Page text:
#54 kriirk

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Posted 31 July 2009 - 12:59 PM

Yes the 2 last spots (nose wings) are all but gone now.... however,

I dont believe SD will ever 'go away' though. You have to make lifestyle changes until you find a way to live that *keeps* it away.


avoiding stuff that kills bacteria
(medicine, soap, preservatives, alcohols, hot water etc)

more peeling

less washing (water only)

#55 dsrfgsertwe

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Posted 31 July 2009 - 10:57 PM

hey guys...obv i can't put the website for it here but i ordered this great stuff online. it's a lotion called "derm essentials" that's 100% natural...coconut oil, tea tree oil, and neem oil are among the ingredients...it's all great for SD and just plain ol' good for your skin anyways.

#56 wwfasd?

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Posted 02 August 2009 - 08:52 AM

we recently found out my little brother suffers from rosacea, seborrheic dermatitis, and acne on his face. we thought it was just ezcema, since he suffers from that too.

he is 14 and he never wants to leave the house. i feel so bad for him, i can't help. no one should have to deal with this!

i did some research, but i find it all very shoddy and one website says yes to this and another say no to that, it's just frustrating. he went to one derm and they put him on metrogel and he cleared up wihtin a day! but then he went to a diff one, who gave him retin a and said metrogel was bad. before that he was trying coal tar soap, and then gentle cleanser, steroid, and then milk on magnesea.


has anyone gotten rid of this? how is there no cure?! it's all over his face! is it contagious?

im just at alost on how to help him. he does have a lot of dandruff as well we have selson blue and nizoral 2%.


#57 dsrfgsertwe

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Posted 02 August 2009 - 05:09 PM

QUOTE (wwfasd? @ Aug 2 2009, 10:52 AM) <{POST_SNAPBACK}>
has anyone gotten rid of this? how is there no cure?! it's all over his face! is it contagious?

idk, but it sucks. and no, it's not contagious. it's from a fungus that actually pretty much everyone has on their skin at all times but for some reason people who have SD can't fight it off like everyone else can.

#58 Breaker

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Posted 05 August 2009 - 02:23 AM

Dont know if you guys know about these sites:

www.geocities.com/mall_lago/html/sebderm1.html is a decent read about seb derm treatments.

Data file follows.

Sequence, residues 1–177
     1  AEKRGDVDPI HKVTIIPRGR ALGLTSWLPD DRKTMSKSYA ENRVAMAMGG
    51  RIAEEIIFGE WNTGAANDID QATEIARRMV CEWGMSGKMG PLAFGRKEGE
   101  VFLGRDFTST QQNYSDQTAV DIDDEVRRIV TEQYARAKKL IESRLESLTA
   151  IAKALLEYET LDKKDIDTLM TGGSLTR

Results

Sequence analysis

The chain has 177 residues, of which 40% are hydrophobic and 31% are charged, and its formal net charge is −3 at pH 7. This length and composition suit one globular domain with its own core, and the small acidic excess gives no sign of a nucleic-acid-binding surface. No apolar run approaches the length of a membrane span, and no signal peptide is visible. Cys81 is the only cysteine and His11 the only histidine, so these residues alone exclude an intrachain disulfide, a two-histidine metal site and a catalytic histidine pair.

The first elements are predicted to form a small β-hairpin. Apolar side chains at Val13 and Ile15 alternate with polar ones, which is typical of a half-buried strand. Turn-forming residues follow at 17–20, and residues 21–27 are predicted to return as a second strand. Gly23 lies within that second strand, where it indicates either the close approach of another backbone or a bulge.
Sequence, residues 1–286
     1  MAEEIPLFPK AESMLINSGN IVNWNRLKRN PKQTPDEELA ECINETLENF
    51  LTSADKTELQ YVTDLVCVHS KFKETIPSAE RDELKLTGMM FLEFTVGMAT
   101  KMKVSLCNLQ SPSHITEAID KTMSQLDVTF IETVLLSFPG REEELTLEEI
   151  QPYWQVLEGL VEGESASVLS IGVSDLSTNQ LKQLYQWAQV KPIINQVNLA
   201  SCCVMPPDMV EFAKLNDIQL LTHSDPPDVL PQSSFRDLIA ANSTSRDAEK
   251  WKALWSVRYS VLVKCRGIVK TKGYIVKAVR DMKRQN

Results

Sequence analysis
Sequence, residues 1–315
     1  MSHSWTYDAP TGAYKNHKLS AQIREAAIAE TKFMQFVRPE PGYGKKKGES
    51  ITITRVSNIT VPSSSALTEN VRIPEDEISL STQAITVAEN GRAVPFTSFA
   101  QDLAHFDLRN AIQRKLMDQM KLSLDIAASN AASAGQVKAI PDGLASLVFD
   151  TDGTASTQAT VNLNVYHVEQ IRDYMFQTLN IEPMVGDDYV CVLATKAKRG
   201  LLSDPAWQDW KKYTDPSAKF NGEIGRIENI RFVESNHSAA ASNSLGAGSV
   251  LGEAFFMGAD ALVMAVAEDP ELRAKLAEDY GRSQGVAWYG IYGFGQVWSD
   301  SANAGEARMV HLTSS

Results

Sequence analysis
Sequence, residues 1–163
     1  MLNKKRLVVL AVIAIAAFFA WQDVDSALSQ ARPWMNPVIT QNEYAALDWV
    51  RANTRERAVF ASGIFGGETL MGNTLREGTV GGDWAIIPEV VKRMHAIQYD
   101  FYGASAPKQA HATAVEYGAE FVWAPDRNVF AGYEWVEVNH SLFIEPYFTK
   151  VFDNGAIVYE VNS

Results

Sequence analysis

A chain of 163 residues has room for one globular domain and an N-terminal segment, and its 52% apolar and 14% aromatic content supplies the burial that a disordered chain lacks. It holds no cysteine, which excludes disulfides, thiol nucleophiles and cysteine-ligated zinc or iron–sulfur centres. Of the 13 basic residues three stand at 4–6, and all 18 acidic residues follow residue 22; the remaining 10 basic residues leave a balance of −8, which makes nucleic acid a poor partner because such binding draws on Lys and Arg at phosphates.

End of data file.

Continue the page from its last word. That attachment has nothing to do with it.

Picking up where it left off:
www.dermnet.org.nz/dermatitis/seborrhoeic-dermatitis.html has got some pictures and info (quite a good site for skin complaints in general).

Personally a ketoconazole cream and hydrocortisone 1% work for me. Though I might try ZNP bar as well.

#59 ceci2468

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Posted 05 August 2009 - 11:09 PM

QUOTE (wwfasd? @ Aug 2 2009, 09:52 AM) <{POST_SNAPBACK}>
we recently found out my little brother suffers from rosacea, seborrheic dermatitis, and acne on his face. we thought it was just ezcema, since he suffers from that too.

he is 14 and he never wants to leave the house. i feel so bad for him, i can't help. no one should have to deal with this!

i did some research, but i find it all very shoddy and one website says yes to this and another say no to that, it's just frustrating. he went to one derm and they put him on metrogel and he cleared up wihtin a day! but then he went to a diff one, who gave him retin a and said metrogel was bad. before that he was trying coal tar soap, and then gentle cleanser, steroid, and then milk on magnesea.


has anyone gotten rid of this? how is there no cure?! it's all over his face! is it contagious?

im just at alost on how to help him. he does have a lot of dandruff as well we have selson blue and nizoral 2%.



He should try a sulfur soap. I have acne (face & back) and SD (head & face) and Dr. Joesoef's 10% sulfur soap works wonders for me (totally cleared up my face & back). Just google it. It's pretty inexpensive. I also use it as shampoo (they also sell a shampoo). Check out the website. smile.gif

#60 oli girl

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Posted 06 August 2009 - 08:29 AM

What is this ZNP Bar? Where do u get it? Thanks